In Kenya, recent data shows that breast cancer is the most common cancer among women of all ages and has the third highest mortality (both sexes, all ages). Although limited data is available regarding metastatic breast cancer (MBC) (also called stage IV or advanced breast cancer) in Kenya, in 2014, it was found that 18.2% of women had MBC. An MBC diagnosis can be isolating for patients and many encounter a lack of appropriate psychological and medical guidance.
The specific needs of MBC patients are often overlooked in many breast cancer related initiatives. Consequently, MBC patients feel marginalised and ignored by the wider breast cancer community. They often suffer from clinical depression and anxiety. Moreover, the majority of these women do not receive any services, referral or guidance to help them with their emotional distress. International resources are not always applicable to the local context, thus making them inaccessible and irrelevant for people from different cultures and backgrounds, such as those from Africa.
Kenya has a high percentage of literate females and highest internet usage in the region. This provides a unique opportunity to reach out to a significant population of MBC patients. For over fifty years, Aga Khan University Hospital, Nairobi (AKUH) has been taking care of families in East Africa. As a private, not-for-profit hospital, it strives to provide access to quality healthcare to all who need it and has the potential to reach cancer patients in the region. The vision of AKUH is to be a premier, tertiary, teaching, research and referral health care facility in sub-Saharan Africa.
AKUH has won a SPARC grant in 2017, with their project “Improving MBC care in Kenya using information technology”. The objective of this project is to improve the quality of life of women with MBC in Kenya through an online space that provides high quality content and information to patients, the general public, policy makers, students, leaders and medical practitioners.
Together with the Kenyan Metastatic Breast Cancer Network (KMBCN), AKUH has developed a virtual online forum where patients can get psychosocial support, address the stigmas linked with the disease, seek relevant clinical advice, find links to the nearest healthcare facilities, download curated information, participate in support group activities and receive links to other sites that are locally relevant. To make this forum accessible and user friendly for patients, a mobile app was also created.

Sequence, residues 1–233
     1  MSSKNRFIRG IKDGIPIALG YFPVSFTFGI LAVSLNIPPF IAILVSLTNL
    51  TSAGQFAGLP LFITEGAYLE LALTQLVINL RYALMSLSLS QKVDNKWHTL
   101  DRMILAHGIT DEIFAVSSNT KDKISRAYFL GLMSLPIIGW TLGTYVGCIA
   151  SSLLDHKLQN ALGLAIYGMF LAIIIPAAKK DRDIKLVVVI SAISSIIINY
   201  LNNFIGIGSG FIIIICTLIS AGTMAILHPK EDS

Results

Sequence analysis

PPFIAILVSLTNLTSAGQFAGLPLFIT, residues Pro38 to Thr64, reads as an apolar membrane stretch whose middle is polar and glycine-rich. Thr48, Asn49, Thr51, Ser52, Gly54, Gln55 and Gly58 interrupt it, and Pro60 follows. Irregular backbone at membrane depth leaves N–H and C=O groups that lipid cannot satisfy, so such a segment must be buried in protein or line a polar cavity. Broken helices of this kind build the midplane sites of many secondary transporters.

KMBCN have started by identifying the needs and current quality of life through 150 patient interviews, which have served as a basis for designing the virtual space. Questionnaires have been integrated in the website for ongoing data collection/analysis. The finding of the needs assessment and quality of life assessment surveys conducted will be published in an international global health journal.
The online forum was launched in December 2018, and at the same time, more than 100 health professionals were trained on the use of the virtual space so that they can refer their patients to it.
It is estimated that the online forum as well as the mobile app will reach 75% of all MBC patients in the country. AKUH is now promoting the MBC online tools across the country and continuously evaluating their impact on patients' quality of life.
Organisation's website: Aga Khan University Hospital, Nairobi (AKUH)
Project website: Kenya metastatic breast cancer network
News article: "Empowering Breast Cancer Patients", about the launch of the SPARC project
Smartphone application: Kenya metastatic breast cancer network app, for android
Social media: Kenya metastatic breast cancer network Facebook page
 GLOBOCAN 2018
 Sayed, S., et al. "Is Breast Cancer from Sub Saharan Africa Truly Receptor Poor? Prevalence of Er/Pr/Her2 in Breast Cancer from Kenya." Breast 23.5 (2014): 591-6.
(Information from the project description and context is compiled from the SPARC reports)